Join Pacific Horticulture for Summit 2016, a provocative and inspiring weekend in beautiful Sonoma County spent exploring ideas about gardens rooted in natural systems, regional culture, and local geography. Our featured speakers:
Thomas Rainer, Planting in a Post-Wild World: Designing Plant Communities for Resilient Landscapes
Perhaps the greatest challenge facing landscape designers today is the need to balance beauty with environmental concerns. Public institutions and private homeowners want plantings that please the eye and reconnect us to nature, but that also reduce chemical use, filter storm water, sequester pollutants and carbon, cool urban temperatures, and provide habitat. The answer lies in a radical turn away from conventional horticultural practices. Join landscape architect Thomas Rainer, a leading voice in ecological landscape design, to learn how plants fit together in nature and how to use this knowledge to create landscapes that are resilient, beautiful, and diverse. Both practical and inspiring, this talk explores a synthesis of ecology and horticulture—resulting in an intentionally designed and managed plant community where population dynamics are encouraged within an aesthetic framework. Learn real-world strategies for crafting communities of compatible species that cover the ground in interlocking layers.
Michelle Sullivan,Transforming Los Angeles: Reintegrating Nature into the City
Due to a protracted drought, a fragile water infrastructure, the realization of climate change and a growing population, Los Angeles is undergoing a rapid transformation. It has become imperative that we prepare Los Angeles by creating multi-use landscape systems that: treat and capture stormwater, restore riparian habitat, provide recreational and educational opportunities, and decrease the urban heat island effect. From the L.A. River to parks and gardens throughout the city, Los Angeles has been undergoing a renaissance doing just this—reintegrating nature into the city. Michelle Sullivan of Mia Lehrer + Associates will present current projects such as the L.A. River, Los Angeles County Natural History Museum Nature Gardens, and Vista Hermosa Park, which all utilize advocacy as a design tool to re-stitch nature back into the urban fabric, restoring ecological functions and improving quality of life.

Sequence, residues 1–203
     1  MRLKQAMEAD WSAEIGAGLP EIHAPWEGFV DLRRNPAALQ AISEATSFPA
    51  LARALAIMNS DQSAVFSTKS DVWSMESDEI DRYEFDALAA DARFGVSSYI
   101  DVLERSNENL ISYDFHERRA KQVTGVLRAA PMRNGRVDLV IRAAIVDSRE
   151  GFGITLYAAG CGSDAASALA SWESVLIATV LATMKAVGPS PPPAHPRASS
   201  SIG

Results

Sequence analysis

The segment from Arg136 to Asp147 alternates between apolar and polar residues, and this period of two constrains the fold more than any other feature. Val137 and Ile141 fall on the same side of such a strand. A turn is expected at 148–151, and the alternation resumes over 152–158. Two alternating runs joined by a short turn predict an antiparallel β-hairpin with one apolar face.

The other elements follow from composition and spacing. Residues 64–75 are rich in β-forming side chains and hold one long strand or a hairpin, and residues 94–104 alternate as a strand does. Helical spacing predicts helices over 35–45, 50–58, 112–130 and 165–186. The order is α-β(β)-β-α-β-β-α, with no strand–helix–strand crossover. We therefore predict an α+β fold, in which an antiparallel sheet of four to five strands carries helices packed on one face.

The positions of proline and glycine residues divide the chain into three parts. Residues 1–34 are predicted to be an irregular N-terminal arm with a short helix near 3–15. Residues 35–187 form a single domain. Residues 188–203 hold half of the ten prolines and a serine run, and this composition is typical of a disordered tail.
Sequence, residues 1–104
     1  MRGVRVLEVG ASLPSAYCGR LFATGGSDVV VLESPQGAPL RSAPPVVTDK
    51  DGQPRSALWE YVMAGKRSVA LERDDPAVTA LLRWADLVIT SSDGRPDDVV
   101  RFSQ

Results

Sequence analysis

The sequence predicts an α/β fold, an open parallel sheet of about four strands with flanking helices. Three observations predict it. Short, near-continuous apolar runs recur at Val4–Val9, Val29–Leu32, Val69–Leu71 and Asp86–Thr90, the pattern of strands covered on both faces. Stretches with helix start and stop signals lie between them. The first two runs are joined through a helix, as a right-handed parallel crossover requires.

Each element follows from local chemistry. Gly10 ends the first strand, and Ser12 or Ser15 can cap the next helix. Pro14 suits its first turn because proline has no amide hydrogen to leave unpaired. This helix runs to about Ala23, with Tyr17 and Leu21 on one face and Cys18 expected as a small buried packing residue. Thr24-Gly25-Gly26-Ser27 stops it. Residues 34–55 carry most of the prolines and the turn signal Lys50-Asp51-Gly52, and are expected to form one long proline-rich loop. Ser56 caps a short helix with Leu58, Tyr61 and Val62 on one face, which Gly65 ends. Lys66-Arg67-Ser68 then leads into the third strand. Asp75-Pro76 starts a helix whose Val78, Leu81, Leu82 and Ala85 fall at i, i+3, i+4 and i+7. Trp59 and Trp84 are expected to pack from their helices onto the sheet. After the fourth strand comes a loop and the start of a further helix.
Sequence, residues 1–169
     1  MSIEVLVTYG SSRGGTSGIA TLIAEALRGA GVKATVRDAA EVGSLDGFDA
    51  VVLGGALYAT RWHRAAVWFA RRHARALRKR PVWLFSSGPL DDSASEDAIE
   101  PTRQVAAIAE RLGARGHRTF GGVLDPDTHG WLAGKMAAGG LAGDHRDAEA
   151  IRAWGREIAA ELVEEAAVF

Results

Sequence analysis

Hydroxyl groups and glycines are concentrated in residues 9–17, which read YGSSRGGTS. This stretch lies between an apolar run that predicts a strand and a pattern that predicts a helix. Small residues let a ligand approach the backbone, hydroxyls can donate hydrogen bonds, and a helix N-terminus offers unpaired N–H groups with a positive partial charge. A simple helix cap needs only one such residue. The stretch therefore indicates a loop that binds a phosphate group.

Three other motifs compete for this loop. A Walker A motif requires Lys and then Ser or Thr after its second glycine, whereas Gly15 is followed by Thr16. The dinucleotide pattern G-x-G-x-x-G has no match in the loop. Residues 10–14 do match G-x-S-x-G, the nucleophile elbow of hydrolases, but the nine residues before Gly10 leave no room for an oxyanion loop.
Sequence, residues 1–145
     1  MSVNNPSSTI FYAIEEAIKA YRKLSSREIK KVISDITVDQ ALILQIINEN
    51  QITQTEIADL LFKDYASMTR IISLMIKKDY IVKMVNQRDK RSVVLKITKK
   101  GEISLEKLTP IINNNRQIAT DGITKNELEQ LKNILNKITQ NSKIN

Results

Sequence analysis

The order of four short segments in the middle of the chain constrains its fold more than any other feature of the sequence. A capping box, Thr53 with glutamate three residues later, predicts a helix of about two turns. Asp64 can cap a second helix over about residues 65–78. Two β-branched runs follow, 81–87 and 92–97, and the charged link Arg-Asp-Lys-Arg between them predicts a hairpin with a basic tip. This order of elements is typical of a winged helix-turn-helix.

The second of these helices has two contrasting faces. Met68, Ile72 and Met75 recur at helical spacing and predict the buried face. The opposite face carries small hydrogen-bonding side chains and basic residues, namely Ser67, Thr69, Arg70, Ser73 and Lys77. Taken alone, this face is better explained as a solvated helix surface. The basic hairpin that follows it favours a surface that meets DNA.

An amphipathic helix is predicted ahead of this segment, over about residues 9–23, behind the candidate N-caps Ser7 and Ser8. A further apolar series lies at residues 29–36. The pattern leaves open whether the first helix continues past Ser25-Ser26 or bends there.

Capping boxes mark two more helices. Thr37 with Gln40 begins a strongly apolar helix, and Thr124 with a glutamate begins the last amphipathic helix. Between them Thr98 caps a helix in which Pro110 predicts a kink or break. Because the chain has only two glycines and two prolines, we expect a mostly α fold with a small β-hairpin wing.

Bob Hyland, Creating Bold Gardens: Environmentally Friendly Plantings that go BANG
Discover ways to design and create exuberant gardens—in the ground or in containers—that are nature-friendly and resilient. Portland, Oregon–based horticultural consultant and designer Bob Hyland illustrates how to inject drama and attention-grabbing spontaneity into your garden, no matter what its size. He’ll discuss planting strategies and point out often-overlooked opportunities to “wow” gleaned from years of experience working with plants and people as public garden administrator, nurseryman, and garden designer. Bold gardens are an important and charismatic instrument for helping everyone, not just gardeners, navigate today’s environmental challenges and lifestyle shifts.
Tom Fischer, Panel discussion moderator
As senior acquisitions editor at Timber Press, Tom has worked with many of today’s innovative and thoughtful horticulturists who are reinventing how they design and maintain gardens.
Phil Van Soelen, Gardening with California Native Plants: Creating an Authentic Sense of Place
Phil Van Soelen grew to know and love California native plants after encountering them in grand wild places. Inspired and moved by landscapes both large and small, Phil began gardening with beautiful native plants in an attempt to create relationships that would evoke the same emotional response he found in the wilderness. Today, as co-owner of California Flora Nursery and a knowledgeable and captivating speaker, Phil encourages people to consider the use of native plants as a delightful gardening opportunity, rather than a limiting constraint, and an occasion to foster respect and a deep attachment to California’s unique plant and animal biodiversity.
Marilee Kuhlmann, Implementing Inspiration: Taking Action
Improve your garden’s ability to weather today’s uncertain environmental conditions while still providing a beautiful outdoor space for relaxation, refuge, and productivity. Los Angeles–based designer and watershed activist Marilee Kuhlmann will share details about how a watershed garden functions. She’ll illustrate how to integrate water-capture systems within the landscape to maximize available resources. Rainwater harvesting is fast becoming a necessity in Southern California not only to create a water supply for the garden, but also to help manage potential storm damage, regulate flooding capacity, and deal with pollution and water-quality issues. Marilee will look at ways homeowners can use traditional methods, as well as innovative new solutions, to correct landscape management mistakes and enjoy the abundance soil can produce when properly hydrated.
Don’t miss this exciting opportunity to gather with a community eager to support the environment within the context of engaging, lively, and resilient landscapes. Program details and registration information here.